As the most recognisable natural symbol of New Zealand, the flightless Kiwi bird is the obvious candidate for a flagship series of coins from the countries national issuer of commemorative currency, the New Zealand Post. For those wondering, the New Zealand Mint is privately owned and is the mint responsible for the licenses to coins issued for numismatic favourite location, Niue, not for New Zealand.
The New Zealand Post’s Kiwi coins have been going for years, since 2004 for the carded specimen versions, and since 1990 (I think) for the proof coins. As a result, it’s new annual iteration is keenly awaited by a large number of collectors. Having just passed our second birthday, we’ve only covered the last couple of releases, the 2014 coin which is the last of the three coin Kiwi Treasures themed series, and the 2015 Glow-In-The-Dark coins which were effectively designed and subsequently quite popular. Although the NZ Post released a really beautiful laser-cut Kiwi Silhouette coin produced by CIT earlier in the year, that was a special and not an annual release in this series.
This years coin hasn’t carried on with the luminescent application we half expected to be the case, but has kept with something out of the ordinary by moving to an oval/egg-shaped strike, and with the subtle application of colour. The latter is very sympathetically done, certainly not overpowering as with many coins today, but whether it’s welcome to collectors of the series or not is another matter. Personally, it’s unobtrusive enough to not jar with others, and does enhance the idea of the coin shape being an egg rather than just oval, quite a thing for the Kiwi which lays the biggest egg in proportion to its body size of any bird on earth. That fact does kind of explain the birds funny walk, we’d all suffer if we had to push an object 20% the size of our bodies through our crutch….!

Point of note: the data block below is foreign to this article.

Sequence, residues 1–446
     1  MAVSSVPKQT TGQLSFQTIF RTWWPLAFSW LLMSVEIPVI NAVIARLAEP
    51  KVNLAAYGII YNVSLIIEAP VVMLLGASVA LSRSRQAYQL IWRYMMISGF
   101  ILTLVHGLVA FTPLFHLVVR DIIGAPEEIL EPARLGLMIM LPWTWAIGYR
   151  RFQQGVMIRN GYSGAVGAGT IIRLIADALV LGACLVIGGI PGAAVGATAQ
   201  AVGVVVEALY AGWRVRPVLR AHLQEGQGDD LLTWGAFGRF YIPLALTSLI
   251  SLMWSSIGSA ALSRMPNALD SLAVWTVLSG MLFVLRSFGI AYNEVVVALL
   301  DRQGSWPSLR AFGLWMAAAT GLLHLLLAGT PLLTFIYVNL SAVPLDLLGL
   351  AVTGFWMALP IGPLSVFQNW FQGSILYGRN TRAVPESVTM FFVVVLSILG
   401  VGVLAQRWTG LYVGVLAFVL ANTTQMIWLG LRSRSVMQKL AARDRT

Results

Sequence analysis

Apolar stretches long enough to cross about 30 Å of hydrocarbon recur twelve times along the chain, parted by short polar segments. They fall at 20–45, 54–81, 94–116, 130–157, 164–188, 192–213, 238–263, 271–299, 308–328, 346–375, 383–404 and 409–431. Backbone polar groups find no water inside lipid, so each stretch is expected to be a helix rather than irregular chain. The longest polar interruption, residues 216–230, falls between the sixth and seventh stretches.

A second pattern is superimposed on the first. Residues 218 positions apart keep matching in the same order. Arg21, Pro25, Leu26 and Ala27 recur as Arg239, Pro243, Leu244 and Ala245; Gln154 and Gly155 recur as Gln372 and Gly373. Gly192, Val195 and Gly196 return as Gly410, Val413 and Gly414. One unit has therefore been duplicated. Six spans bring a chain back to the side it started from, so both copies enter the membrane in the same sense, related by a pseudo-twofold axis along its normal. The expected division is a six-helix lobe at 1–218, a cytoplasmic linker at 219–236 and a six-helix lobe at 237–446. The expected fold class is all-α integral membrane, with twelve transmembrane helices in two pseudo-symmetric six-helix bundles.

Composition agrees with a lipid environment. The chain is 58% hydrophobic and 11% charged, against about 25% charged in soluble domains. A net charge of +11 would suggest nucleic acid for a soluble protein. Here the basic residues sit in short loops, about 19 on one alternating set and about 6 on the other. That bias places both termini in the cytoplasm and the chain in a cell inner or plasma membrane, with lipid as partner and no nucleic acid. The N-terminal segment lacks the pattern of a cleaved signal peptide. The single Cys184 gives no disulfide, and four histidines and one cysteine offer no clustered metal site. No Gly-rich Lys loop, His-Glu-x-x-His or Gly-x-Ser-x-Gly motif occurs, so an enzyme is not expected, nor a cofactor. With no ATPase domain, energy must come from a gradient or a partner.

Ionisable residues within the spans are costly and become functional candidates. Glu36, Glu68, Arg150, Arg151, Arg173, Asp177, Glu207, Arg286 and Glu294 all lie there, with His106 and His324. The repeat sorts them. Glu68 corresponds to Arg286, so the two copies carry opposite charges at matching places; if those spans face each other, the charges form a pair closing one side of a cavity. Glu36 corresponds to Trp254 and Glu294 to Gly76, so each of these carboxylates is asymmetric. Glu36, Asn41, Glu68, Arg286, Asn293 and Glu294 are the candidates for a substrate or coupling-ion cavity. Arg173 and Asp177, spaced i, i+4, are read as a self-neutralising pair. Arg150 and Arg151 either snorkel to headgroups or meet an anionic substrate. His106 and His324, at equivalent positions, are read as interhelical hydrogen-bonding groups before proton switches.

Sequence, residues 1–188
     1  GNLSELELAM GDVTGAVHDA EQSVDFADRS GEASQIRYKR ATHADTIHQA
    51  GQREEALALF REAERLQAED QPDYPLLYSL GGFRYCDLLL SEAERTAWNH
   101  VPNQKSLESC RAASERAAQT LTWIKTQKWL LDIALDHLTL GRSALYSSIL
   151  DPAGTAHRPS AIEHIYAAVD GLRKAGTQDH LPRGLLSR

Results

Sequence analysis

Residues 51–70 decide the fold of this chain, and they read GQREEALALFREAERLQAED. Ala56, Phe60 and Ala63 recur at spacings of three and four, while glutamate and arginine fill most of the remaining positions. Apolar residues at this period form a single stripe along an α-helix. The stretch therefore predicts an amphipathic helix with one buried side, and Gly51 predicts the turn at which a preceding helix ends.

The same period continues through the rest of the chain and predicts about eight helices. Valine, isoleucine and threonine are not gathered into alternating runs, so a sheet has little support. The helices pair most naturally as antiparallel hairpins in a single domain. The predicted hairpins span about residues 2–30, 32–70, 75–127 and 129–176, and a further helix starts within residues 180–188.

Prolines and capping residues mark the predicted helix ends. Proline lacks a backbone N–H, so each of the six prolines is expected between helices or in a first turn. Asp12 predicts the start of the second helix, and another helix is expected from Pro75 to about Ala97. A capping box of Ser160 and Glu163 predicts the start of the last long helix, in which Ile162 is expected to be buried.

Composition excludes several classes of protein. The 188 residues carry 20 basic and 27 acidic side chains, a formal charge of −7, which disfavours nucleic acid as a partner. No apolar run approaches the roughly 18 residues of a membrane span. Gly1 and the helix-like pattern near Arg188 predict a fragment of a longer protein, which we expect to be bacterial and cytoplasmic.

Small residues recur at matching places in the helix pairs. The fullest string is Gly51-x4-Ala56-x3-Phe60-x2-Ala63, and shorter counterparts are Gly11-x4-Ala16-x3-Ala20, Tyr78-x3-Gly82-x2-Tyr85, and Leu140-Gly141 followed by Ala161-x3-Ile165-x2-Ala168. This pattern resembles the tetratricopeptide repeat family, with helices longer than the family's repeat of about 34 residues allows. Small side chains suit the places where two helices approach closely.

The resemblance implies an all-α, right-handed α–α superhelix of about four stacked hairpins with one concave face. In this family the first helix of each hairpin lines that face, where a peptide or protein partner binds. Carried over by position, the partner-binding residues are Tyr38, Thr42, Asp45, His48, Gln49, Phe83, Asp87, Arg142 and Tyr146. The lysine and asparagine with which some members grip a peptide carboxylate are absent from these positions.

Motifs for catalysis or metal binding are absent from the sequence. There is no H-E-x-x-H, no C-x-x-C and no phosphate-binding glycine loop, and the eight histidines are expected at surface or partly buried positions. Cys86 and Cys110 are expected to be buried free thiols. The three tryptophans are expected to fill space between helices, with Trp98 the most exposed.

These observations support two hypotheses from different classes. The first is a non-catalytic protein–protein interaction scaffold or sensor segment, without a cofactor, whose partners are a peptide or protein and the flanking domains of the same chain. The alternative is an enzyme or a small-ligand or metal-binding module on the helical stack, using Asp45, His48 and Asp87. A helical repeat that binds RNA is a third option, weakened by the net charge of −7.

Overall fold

The coin is available in three versions again, a ¼ oz gold ($845.00 NZD), and a 1 oz silver in both specimen ($79) and proof ($139) finishes. Although the mintage is just a third of the specimen coins and it does come in a good box, the $60 premium for the proof over the specimen version does seem a little excessive to us, but NZ Post coins have never been the cheapest around, unsurprising given they’re minted outside of the country by some fine mints, in this case the outstanding BH Mayer’s Kunstprageanstalt GmbH in Germany. We like the design, depicting a great spotted kiwi against a background of Mount Rolleston in the Southern Alps. Available to order now. Shipping in November.